US Soccer won't give women's team equal pay because the men have 'more responsibility'
As the U.S women's national soccer team (USWNT) continues with their equal pay lawsuit, attornies for the U.S Soccer Federation have put forth the argument that male soccer players carry "more responsibility within U.S soccer" than their female counterparts.
The lawsuit, which was filed in March of 2019, in Los Angeles federal court under the Equal Pay Act, details that players (including Megan Rapinoe, Alex Morgan, Becky Sauerbrunn and Carli Lloyd) claim they are not paid the same as the men's national players. They are asking to be awarded over $66 million in damages, according to PEOPLE.
Now, the U.S Soccer Federation has released new arguments as to why the USWNT is paid less than the USMNT, alleging that it's not predicated on gender-based discrimination.
Court documents filed under the Equal Pay Act see U.S Soccer lawyers assert that "The job of [a men's national soccer player] carries more responsibility within US Soccer than the job of a [women’s national team] player."
They also highlighted biological differences - which they claimed to be "indisputable science" - to argue that the women's team should be paid less, as the men's team "requires a higher level of skill based on speed and strength than does the job of WNT player". Lawyers stated that this was not just a "sexist stereotype".
A spokesperson for the women's team has since responded in a statement provided to PEOPLE:
"This ridiculous argument' belongs in the Paleolithic Era. It sounds as if it has been made by a caveman. Literally everyone in the world understands that an argument that male players 'have more responsibility' is just plain simple sexism and illustrates the very gender discrimination that caused us to file this lawsuit to begin with. So looking forward to trial on May 5.”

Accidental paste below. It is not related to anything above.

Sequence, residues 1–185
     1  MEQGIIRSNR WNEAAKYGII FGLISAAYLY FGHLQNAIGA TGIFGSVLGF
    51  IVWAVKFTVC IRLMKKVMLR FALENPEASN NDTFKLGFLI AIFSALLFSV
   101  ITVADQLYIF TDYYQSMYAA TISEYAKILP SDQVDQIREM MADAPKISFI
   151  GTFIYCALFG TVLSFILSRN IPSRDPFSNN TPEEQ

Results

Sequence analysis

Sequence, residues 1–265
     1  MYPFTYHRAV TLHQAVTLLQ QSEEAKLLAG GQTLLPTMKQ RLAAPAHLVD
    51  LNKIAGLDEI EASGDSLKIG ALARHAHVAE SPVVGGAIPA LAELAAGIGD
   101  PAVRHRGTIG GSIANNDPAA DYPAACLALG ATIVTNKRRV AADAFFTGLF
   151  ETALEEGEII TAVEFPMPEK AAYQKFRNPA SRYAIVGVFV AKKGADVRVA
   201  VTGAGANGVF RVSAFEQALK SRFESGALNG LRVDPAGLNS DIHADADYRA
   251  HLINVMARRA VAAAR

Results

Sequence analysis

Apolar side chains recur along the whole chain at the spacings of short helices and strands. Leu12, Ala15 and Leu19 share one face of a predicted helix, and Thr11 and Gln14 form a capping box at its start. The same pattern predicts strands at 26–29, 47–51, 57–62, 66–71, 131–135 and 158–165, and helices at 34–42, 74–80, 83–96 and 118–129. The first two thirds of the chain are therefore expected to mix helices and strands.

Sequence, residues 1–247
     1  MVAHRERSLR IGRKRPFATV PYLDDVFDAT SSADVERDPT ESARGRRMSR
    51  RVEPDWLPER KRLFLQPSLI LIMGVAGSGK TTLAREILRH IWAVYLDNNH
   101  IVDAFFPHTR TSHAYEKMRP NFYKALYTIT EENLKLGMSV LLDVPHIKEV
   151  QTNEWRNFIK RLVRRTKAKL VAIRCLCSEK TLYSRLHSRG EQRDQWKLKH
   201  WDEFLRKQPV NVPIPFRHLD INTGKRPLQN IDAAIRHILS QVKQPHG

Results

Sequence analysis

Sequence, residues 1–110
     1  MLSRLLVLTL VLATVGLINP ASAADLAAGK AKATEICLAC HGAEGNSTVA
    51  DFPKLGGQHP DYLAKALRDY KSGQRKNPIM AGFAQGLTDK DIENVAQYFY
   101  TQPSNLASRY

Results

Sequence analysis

This female soccer player lost her hijab during a soccer game:
Buzzfeed News reports that the federation's lawyers interviewed key members of the women's team, including Carli Lloyd and Alex Morgan, over the fact that they were not as fast or strong as players on the men's team.
"Do you think that the team could be competitive against the senior men’s national team?" an attorney asked Lloyd, per court documents filed last month. "I’m not sure," Lloyd replied. "Shall we fight it out to see who wins and then we get paid more?"
Another Lawyer quizzed Morgan, asking "Do you think it requires more skill to play for the US Men’s National Team than the US Women’s National Team?" to which she responded, "No. It's a different skill."
Star player, Megan Rapinoe, addressed the fact that U.S Soccer President, Carlos Cordeiro, announced the rejection one night before the She Believes Cup - a women's tournament that tends to coincide near International Women's Day.
“I mean, the timing of it on the eve of not only a game, but in this tournament and on the eve of International Women’s Day,” she told The Athletic. "I guess if that’s how you want to celebrate International Women’s Day and show support for not only your players but future players and girls all over the place, that’s one way to do it."
The U.S Soccer Federation previously pointed out that the women's team, which is represented by a different union, rejected a "pay-to-play" agreement that was comparable to the men's team.
"At the moment, the Women’s National Team players are paid differently because they specifically asked for, and negotiated, a completely different contract than the Men’s National Team, despite being offered, and rejecting, a similar pay-to-play agreement during the past negotiations,” the USSF said in a statement to ESPN.
This article originally appeared on VT.co